One of the most fascinating concepts to me about Endless Space 2 are the “lesser races” that you can discover in the galaxy. They may be a splinter group of one of the larger main factions (the adorably-crimson Mavros, a mercenary group of Sophons that embrace conflict instead of science), a species that hasn’t quite fully evolved yet but have a peculiar adaptation to Dust (such as the Deuyivans, a race of insectoids that grew to like Dust a lot), a species created by the Endless for their own mysterious ends (like the Sowers, who continue to terraform planets for their long-dead masters), or even a race that used to be Endless, however indirectly, until something eons ago went wrong (like the Amoeba, long story).

Whenever you incorporate these races into your civilization, they offer specific benefits based on their culture and how fast their population grows amongst your own. That’s right: once you adopt a lesser race into your civilization, they will actually become part of your civilization, with bonuses all their own. This can usually mean a quick population increase for your developing capital, or boosts for systems that are struggling with your population alone (the Epistis, for example, are rocky creatures that grow more food on sterile worlds, which can make all the difference when your people are starving on systems with arctic or barren worlds.) If you’re the xenophobic-type, you do have the option to restrict voting rights to your own people, which can help when choosing a political faction to side with. This is more than a simple thematic choice. After all, you wouldn’t want to start off with a dictatorial war play in mind just to run into a bunch of freedom-and-peace-loving Amoeba and mess that up. Or on the flip-side, if you have a plan to craft alliances with as many players and lesser races as possible, things might get complicated if you run into the Mavros or the Eyder peoples who more easily benefit the conflict-minded. Depending on who you meet, you may have to switch things up a bit. Play your cards right, though, and the lesser races you encounter early on can help you mold your tactics as the game progresses.

The highly-disciplined Yussho increase your available manpower for fleets as well as increase fleet weapon damage and limit troop casualties during ground battles. Of course, this doesn’t help much if you intend on an economic victory. On the other hand, the best defense is a good offense!

I love the idea of lesser races. Not only can they directly benefit your preferred style of play, they can completely mess it up if you don’t run into the ones you hope for. Yet somehow, for how specialized some of the major races feel during gameplay, you’ll never want to say no to a little more manpower when you’re the first to come across these unique civilizations. Sometimes during random missions and side quests, you’ll be gifted populations from a lesser race, and it’s always a good idea to shuttle them to systems where they’ll do the most good. I also love that while a few of the races are wonderful early-game, some of these lesser races become even more helpful late-game, especially if you plan ahead and focus on their development. If you assimilate the Sowers, for example, there is a chance to acquire massive amounts of food on sterile planets (they are considered “soil healers”), and even massively reduce the cost of terraforming planets (they are the Endless’s planetary architects). The higher their population in your civilization, the greater the chance you have to gain these bonuses.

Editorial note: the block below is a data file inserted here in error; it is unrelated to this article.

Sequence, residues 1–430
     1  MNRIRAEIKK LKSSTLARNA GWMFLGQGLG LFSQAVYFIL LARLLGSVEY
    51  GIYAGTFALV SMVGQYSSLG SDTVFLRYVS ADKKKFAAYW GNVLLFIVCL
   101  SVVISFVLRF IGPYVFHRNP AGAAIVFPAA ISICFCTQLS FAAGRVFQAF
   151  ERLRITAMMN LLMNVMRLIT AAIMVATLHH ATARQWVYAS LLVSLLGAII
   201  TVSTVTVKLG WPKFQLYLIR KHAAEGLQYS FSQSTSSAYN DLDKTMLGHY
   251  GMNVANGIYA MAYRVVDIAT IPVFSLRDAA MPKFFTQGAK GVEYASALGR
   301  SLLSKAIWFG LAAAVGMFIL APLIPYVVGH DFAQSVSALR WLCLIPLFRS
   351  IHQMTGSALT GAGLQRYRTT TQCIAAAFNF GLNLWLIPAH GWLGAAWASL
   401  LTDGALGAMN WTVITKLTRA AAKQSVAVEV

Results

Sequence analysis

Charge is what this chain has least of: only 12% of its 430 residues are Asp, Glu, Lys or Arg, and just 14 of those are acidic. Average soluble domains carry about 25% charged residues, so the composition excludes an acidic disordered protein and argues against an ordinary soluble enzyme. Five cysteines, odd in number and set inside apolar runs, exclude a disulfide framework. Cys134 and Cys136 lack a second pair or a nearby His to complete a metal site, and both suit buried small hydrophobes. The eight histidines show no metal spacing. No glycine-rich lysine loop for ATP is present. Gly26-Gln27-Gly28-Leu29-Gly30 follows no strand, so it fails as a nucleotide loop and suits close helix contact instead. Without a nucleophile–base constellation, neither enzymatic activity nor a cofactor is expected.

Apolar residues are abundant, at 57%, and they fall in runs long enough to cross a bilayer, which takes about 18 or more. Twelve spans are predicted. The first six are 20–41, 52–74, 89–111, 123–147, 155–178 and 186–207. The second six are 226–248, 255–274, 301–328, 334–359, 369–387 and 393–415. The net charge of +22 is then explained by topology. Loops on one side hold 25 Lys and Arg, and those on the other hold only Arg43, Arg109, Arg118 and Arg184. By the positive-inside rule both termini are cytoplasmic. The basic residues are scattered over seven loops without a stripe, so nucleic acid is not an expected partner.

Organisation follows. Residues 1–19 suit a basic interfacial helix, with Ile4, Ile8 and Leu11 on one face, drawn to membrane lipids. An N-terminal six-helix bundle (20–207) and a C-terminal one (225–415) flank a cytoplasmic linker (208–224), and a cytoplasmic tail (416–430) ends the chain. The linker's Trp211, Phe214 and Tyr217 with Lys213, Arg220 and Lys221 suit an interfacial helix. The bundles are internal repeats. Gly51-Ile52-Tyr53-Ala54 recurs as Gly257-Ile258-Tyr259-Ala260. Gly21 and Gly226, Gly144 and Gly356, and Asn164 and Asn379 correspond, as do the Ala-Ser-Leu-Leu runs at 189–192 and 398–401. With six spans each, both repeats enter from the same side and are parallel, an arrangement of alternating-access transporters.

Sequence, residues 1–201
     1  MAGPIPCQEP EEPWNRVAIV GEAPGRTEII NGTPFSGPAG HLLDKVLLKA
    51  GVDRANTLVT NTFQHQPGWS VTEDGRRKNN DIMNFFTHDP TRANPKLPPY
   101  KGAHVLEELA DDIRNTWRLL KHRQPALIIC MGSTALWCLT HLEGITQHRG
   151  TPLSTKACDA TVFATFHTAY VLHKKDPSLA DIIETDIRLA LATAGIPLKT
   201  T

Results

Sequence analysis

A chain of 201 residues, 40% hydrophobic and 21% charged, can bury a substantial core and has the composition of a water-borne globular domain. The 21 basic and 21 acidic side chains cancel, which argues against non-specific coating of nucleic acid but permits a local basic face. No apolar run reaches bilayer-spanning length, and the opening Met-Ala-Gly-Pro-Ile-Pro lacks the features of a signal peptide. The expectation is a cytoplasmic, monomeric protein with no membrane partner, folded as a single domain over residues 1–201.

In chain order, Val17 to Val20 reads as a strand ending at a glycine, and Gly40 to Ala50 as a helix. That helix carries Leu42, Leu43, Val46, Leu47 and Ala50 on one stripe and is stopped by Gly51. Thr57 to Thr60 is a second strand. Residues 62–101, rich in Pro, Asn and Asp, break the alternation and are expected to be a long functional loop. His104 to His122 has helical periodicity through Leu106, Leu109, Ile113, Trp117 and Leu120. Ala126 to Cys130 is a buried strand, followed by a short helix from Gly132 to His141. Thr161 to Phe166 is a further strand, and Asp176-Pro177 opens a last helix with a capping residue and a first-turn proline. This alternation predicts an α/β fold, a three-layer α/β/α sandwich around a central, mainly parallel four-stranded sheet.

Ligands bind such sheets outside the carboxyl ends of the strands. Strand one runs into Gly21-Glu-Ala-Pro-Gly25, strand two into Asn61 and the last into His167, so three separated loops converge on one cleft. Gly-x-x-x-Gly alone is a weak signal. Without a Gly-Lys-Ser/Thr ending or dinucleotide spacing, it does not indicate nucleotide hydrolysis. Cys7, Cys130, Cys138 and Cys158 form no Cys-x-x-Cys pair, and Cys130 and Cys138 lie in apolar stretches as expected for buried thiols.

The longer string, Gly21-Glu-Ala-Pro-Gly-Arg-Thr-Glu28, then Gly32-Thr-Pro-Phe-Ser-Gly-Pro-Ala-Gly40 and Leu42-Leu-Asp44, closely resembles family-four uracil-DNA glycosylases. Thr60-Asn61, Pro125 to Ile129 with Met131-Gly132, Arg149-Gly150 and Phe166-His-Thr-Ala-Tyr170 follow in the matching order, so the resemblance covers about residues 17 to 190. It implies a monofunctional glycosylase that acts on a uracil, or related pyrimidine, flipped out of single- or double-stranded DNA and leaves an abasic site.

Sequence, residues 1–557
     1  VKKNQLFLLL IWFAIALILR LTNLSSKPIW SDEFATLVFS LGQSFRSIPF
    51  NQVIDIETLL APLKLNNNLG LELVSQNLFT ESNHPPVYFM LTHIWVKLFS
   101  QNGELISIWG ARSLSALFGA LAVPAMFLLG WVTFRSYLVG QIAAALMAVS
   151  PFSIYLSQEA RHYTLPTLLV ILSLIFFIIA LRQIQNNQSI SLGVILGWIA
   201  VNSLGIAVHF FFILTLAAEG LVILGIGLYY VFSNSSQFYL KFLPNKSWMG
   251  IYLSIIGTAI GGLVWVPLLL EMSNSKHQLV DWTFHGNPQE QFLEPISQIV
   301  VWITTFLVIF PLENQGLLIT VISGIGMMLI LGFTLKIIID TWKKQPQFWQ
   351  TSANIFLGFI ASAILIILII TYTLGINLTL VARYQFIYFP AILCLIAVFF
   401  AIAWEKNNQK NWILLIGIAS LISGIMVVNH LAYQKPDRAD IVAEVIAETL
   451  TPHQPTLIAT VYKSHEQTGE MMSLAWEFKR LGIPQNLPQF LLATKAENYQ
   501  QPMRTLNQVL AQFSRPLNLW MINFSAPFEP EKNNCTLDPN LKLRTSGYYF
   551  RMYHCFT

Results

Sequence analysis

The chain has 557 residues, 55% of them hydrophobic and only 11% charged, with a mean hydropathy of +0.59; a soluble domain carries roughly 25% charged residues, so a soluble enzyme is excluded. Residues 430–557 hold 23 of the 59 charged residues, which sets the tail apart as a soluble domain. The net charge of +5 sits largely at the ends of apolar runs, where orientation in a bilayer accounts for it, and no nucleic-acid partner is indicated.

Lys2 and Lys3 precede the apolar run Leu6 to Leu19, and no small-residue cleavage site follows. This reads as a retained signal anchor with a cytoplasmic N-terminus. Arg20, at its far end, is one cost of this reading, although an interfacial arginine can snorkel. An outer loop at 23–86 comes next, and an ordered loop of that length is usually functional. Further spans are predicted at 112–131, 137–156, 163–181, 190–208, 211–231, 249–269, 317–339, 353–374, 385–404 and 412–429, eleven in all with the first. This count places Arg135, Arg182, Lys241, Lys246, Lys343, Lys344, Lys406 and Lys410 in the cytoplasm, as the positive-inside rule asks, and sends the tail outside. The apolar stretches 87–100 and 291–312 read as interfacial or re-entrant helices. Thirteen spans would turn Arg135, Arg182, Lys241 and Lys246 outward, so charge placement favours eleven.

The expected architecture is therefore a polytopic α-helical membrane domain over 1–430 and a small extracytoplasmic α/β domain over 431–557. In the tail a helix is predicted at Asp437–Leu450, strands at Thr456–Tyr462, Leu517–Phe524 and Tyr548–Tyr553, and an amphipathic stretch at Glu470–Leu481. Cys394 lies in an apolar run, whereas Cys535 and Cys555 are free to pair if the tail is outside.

Look at those little Sowers go! Is it odd that almost all terraforming machines in science-fiction are on tripods? Or are, at the very least, very tall towers? Is that just a very science-fictiony-thing? Or are tripod towers naturally good for the environment?

Although you can customize your own main civilization before each game starts, you cannot create your own lesser race to play with (outside of modding, I suppose, which I haven’t looked into with Endless Space 2). But I’ve actually been thinking about a fun possibility. What if there existed a lesser race that practically forced a player to perform a 180-degree turn strategically if they assimilated them at the wrong time? Okay, maybe not 180 degrees, but bear with me.

Imagine a race of crystalline golems. To match the style of Endless Space, I’ll call them: “The Lucidian Remembrance.” Granted sapience through centuries of Dust exposure, these dense and slow-moving behemoths retain within themselves the memories of all the living things that have previously interacted with their unique infusions. Bereft of sensory organs or physical forms beyond their crystalline framework, they rely upon the Dust to relay information to them and affect the world around them. Though the Dust grants them memories and wisdom, it does not provide a clear picture of organic life. Quite the opposite. When interacting with other life-forms, their first impressions of a species’s overall worldview tends to stick in their stoic recollections, and they have difficulty comprehending how quickly squishy minds change. This does not dampen their desire to prove “helpful,” however, as they are rather fond of learning from biological life.

Whenever they are assimilated into a primary culture, while providing a small boost to scientific research, they boost whatever political faction the player holds as their “majority” faction. The longer the majority stays in power, and the larger the Lucidians grow in population, the stronger the majority’s hold becomes. If the player wishes to change majorities mid-game (as a wise player sometimes does), the best way to change the Lucidians’ support is to pair them in smaller populations with your main population during the change. This way, while the Lucidians may take a while to change their opinions, it isn’t too hard to make a serious change when gameplay demands it.